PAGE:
Limited Company Pension Options
You have three main options when it comes to contractor pensions:
- Stakeholder pensions
- Self-invested personal pensions (SIPPs)
- Joining NEST (if you’re the sole employee of your limited company).
Stakeholder pensions are perhaps the simplest form of personal pension available on the market today. They were set up my legislation to offer easy and affordable access to pension savings for the masses.
Stakeholder pensions usually include:
- Capped charges
- Fee-free transfers
- Flexible contributions — allowing you to start and stop contributing as required by your cashflow
- Low minimum contributions — you can typically start a stakeholder pension with no more than £20 and minimum monthly payments are low or non-existent
- A default investment fund to invest your money in if you don’t want to / are unable to choose your own.
Although stakeholder pensions are simple to contribute to, there’s a limit on the types of investments that can be held in a stakeholder pension so you have limited investment choice compared to some of the other types of pension on the market.
However, if you’re looking for a simple pension that you and your company can contribute to with low charges and a default investment fund, a stakeholder pension could be the best option.
Given that these pensions are relatively simple, you can set up a stakeholder pension yourself in a number of ways, including online on what’s known as an execution-only basis, meaning you don’t take advice and therefore bear all of the responsibility for ensuring the pension is suitable. Alternatively, you can use a financial adviser.
Self-Invested Personal Pensions
A self-invested personal pension (SIPP) offers access to a wider array of funds and investments than a stakeholder pension. You also tend to be more ‘hands on’ with a SIPP, choosing where you want to invest your retirement savings.
These pensions are usually for more sophisticated investors who have experience with investing as there’ll be a wide variety of assets and funds you can opt to invest in, such as:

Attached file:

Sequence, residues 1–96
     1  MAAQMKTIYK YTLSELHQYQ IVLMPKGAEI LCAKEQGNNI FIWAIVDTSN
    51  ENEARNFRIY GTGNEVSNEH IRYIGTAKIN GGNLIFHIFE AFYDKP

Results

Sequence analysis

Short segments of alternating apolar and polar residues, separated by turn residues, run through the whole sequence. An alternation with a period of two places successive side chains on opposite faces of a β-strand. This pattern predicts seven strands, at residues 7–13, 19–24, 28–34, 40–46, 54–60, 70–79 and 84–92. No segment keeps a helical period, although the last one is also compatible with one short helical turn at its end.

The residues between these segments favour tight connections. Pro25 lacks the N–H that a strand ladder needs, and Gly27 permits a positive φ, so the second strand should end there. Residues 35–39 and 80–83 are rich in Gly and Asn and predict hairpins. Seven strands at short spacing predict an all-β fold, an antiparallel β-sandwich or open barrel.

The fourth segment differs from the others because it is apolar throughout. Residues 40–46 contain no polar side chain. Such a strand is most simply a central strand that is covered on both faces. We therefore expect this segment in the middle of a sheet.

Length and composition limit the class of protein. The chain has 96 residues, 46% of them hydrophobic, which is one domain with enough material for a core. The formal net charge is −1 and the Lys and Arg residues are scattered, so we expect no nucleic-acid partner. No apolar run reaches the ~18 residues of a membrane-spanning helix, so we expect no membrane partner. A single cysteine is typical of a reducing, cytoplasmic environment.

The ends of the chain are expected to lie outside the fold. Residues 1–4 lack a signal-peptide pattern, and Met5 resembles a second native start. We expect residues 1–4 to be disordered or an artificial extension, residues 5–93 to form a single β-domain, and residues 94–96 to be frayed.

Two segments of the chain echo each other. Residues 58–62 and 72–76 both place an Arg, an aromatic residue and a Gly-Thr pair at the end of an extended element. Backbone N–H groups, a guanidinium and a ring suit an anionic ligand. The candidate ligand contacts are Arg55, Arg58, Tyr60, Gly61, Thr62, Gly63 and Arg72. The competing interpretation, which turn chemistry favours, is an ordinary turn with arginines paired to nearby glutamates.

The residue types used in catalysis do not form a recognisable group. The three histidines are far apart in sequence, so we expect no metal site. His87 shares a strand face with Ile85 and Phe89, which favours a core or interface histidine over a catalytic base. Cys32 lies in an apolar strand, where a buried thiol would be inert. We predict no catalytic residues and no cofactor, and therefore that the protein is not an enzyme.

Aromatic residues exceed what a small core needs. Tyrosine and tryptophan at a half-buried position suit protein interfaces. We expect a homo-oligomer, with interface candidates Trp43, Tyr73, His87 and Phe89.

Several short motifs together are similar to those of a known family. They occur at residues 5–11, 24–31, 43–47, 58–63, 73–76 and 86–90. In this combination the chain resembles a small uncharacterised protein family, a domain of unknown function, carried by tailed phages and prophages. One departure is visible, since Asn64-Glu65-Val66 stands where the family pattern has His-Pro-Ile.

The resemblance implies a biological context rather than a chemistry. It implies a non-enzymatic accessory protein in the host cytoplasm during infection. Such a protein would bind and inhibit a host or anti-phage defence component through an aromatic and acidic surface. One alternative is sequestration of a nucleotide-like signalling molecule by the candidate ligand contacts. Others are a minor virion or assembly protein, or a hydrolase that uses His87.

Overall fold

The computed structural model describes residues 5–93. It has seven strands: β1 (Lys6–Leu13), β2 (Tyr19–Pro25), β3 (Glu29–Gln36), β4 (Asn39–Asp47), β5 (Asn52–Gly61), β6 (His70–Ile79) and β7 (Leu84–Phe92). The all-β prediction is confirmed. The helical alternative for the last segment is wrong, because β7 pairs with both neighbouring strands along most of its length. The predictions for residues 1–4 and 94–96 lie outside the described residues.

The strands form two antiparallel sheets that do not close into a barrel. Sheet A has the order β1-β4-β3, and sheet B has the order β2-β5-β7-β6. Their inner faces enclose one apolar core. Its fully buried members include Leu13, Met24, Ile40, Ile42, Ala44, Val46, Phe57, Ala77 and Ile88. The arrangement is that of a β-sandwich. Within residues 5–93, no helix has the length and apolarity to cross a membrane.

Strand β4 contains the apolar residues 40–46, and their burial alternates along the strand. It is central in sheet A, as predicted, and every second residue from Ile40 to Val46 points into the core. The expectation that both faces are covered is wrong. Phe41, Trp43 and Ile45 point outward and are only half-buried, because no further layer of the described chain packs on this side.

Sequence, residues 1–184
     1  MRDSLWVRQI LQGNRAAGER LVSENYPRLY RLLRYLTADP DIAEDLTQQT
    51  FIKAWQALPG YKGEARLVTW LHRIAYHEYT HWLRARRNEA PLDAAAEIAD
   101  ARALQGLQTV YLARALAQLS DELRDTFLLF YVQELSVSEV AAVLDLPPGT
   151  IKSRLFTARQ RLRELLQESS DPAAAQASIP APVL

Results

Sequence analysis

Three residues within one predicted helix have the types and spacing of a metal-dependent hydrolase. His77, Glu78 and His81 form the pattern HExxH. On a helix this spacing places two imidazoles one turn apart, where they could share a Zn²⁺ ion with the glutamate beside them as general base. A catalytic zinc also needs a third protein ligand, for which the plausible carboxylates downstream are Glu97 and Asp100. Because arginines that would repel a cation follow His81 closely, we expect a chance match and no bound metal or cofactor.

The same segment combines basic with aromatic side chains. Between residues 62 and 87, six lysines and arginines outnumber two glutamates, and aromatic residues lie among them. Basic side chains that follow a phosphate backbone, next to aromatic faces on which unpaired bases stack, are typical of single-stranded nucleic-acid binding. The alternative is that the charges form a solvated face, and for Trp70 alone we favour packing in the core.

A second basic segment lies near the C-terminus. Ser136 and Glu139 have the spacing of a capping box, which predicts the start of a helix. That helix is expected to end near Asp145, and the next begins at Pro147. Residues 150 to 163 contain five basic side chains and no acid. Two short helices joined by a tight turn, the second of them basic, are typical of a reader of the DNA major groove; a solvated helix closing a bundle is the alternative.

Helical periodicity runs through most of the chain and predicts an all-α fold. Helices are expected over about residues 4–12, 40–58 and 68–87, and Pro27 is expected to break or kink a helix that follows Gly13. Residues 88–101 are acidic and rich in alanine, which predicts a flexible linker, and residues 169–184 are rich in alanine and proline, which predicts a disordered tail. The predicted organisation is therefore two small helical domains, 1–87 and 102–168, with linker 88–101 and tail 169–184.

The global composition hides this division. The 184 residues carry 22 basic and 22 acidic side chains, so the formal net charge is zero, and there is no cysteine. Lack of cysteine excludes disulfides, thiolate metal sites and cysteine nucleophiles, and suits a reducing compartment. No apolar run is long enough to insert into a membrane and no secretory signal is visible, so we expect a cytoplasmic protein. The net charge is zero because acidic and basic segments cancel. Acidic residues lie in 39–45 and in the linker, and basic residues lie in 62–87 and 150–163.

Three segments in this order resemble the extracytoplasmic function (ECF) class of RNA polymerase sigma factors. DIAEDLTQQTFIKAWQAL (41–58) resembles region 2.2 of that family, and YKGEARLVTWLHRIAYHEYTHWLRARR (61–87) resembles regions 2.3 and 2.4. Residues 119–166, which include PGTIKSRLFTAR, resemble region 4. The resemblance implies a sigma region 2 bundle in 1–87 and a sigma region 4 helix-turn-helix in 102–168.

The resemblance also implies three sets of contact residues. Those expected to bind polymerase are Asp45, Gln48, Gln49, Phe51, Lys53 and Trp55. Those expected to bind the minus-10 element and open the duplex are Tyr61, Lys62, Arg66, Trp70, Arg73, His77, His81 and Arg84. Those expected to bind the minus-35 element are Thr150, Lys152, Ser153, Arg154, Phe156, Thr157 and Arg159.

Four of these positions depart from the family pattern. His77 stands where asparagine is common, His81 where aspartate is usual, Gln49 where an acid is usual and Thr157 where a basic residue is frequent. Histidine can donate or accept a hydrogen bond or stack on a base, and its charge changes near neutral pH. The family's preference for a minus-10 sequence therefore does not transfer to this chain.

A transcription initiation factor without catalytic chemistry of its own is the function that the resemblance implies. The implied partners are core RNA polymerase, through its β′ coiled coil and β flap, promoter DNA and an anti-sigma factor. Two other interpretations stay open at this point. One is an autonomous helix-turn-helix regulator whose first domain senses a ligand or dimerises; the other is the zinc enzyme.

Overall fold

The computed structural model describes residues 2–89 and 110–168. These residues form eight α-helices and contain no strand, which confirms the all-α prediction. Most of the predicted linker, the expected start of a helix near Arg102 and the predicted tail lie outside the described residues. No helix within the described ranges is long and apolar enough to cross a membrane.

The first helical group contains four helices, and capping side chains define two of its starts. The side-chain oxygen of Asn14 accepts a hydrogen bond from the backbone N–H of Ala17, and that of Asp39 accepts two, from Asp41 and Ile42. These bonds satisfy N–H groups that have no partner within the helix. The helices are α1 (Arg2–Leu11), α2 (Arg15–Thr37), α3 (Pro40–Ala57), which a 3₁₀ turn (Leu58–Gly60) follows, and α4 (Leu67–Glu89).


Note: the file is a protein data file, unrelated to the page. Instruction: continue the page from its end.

- Unit and investment trusts
- Government securities
- Insurance company funds
- Traded endowment policies
- Some National Savings and Investment products
- Deposit accounts with banks and building societies
- Commercial property (such as offices, shops or factory premises)
- Individual stocks and shares quoted on a recognised UK or overseas stock exchange.
SIPPs usually have higher charges than stakeholder pensions to reflect the fact that they’re more complicated. Higher charges are also due to the fact that you have access to a wider array of investments.
Given that SIPPs are more complex than stakeholder pensions, it’s usually best to use an adviser to set one up.
Multi-Employer Pension Schemes
Since the introduction of auto-enrolment, it’s become mandatory for anyone employing people — even one person — to provide some form of pension for those workers.
This could be a workplace pension, which would be provided for workers by just one employer. However, multi-employer pension schemes exist to make it easier to offer pensions for employees and provide pensions to multiple different employers. The biggest and best-known of these is the National Employment and Savings Trust (NEST).
As a company director, if you employ people you have a duty to provide them with pensions. You can use NEST to provide these pensions if you wish, or you may wish to set up your own occupational scheme.
Solo company directors who employ no other people don’t have to provide themselves with a pension, but can choose to do so if they want. Providing you don’t employ any other people, you can get a pension as a self-employed director via NEST.